It’s an age-old adage that is as true in practice as it is contradictory in theory: “Too much of a good thing is not a good thing at all.”
Stay up all night studying for a prelim? You can’t stay awake during the exam. Drink too much coffee in order to avoid this fate? You can’t fall asleep at night. Eat too much Taco Bell because you’re wide-awake at 3 a.m. and have nothing better to do? And, well, you get the point.
Even though excessive behavior is so clearly corrosive, we remain obsessive with our individual tendencies to the point that they become compulsive. Notice how quickly too much “–ive” turned a rather casual statement regarding America’s indulgent culture into an English teacher’s rhyming nightmare? Enough said.
So a few weeks ago, in a conversation with my housemates, I came to realize just how much of what we say can be grouped into a relatively tiny vocabulary used in overwhelming excess.
For example, one of my friends has a particular affixation with the word “preposterous.” Aside from its most basic definition, he applies the word to anything in life that he deems good, bad, or strange enough to warrant a superlative. The whole situation is, quite frankly, preposterous.
Another one of my friends has developed the word “perverse” into his daily repertoire, as in, “You just got back-to-back stars in Mario Kart? That’s perverse.” A rather impressive use of the word if you ask me — until you play two straight hours of N64 and aren’t sure whether your head is hurting from looking at the TV for too long or from the repetitive “purr” echoing throughout the room.
Not to be outdone, I have my own excessive tendencies that people close to me are far too glad to point out; but in an attempt to get to the point of this column and kill a bad habit in the process, I’ll spare you.
And so I digress.
Since the initial imposition of new rules favoring NFL quarterbacks and wide receivers in 1977 — and the continued attention to the matter in the decades that have followed — the NFL has slowly transitioned into a pass-happy league. Now, with the 2011 regular season on the backstretch, it appears that we are witnessing a climax in this trend in the form of a passing Golden Age.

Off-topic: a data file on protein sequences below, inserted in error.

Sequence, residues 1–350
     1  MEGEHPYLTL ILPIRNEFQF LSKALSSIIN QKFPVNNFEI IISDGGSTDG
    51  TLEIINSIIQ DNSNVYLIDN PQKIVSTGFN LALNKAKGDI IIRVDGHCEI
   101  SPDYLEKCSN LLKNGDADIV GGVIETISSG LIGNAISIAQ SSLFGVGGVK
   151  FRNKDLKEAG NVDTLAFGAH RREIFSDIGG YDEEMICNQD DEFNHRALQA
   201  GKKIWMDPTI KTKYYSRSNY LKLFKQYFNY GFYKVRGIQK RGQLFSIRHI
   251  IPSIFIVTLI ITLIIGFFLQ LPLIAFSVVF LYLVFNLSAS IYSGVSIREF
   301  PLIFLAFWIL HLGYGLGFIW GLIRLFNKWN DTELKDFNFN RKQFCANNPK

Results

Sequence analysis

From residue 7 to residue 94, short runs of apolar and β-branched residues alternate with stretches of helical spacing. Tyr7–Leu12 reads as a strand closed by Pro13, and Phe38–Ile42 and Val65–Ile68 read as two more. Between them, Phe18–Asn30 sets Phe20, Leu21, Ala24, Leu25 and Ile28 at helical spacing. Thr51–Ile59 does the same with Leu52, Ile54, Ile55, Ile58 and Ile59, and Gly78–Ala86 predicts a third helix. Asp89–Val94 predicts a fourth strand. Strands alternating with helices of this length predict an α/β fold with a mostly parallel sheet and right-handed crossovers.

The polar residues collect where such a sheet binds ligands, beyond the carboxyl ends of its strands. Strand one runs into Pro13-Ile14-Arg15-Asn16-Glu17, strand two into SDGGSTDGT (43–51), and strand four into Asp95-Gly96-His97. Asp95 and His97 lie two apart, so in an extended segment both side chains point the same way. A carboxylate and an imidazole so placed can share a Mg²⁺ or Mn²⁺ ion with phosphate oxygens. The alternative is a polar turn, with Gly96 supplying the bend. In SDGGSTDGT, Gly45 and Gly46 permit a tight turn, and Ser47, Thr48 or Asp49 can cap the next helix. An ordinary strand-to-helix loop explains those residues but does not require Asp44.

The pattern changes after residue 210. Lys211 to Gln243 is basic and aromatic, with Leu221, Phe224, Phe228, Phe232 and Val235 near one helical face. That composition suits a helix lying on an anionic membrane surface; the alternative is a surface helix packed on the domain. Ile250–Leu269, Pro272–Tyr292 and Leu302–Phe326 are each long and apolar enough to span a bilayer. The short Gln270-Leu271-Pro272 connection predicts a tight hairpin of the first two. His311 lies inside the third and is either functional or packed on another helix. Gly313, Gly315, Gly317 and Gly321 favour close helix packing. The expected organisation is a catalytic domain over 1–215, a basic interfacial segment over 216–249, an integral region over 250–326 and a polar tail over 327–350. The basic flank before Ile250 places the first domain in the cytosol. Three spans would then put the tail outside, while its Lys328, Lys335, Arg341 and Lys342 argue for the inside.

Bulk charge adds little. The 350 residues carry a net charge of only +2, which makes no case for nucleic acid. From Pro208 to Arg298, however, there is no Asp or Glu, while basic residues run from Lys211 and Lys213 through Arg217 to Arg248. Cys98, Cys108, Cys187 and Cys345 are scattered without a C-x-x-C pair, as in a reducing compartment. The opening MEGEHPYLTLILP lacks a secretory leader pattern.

Despite atrocious individual performances from the likes of Mark Sanchez and Joe Flacco, and nearly nonexistent passing attacks in Indianapolis and Jacksonville, Weeks 1 through 4 of the 2011 NFL season resulted in the four highest passing yardage totals in league history. Now in Week 11, the numbers remain impressive. In the previous nine regular seasons, only the 2008 New Orleans Saints averaged over 300 yards passing per game. This season, the Saints, New England Patriots and Green Bay Packers are all on pace to exceed that mark. Additionally, if the quarterbacks of these three teams keep up their stellar play the rest of the year, they will each break Dan Marino’s single-season record of 5084 passing yards set in 1984.
And it’s not only the wily veterans who have been leading the passing barrage in 2011, as newcomer Cam Newton (record 422 passing yards in first career start and rookie record 432 passing yards the following week) and numerous other rising stars have played an equally significant role in the aerial onslaught.
Clearly, the sky is the limit in today’s version of America’s game.
Yet, with the excess of stellar quarterbacks in the league today comes an excess of one word used to describe them: elite.
This needs to stop.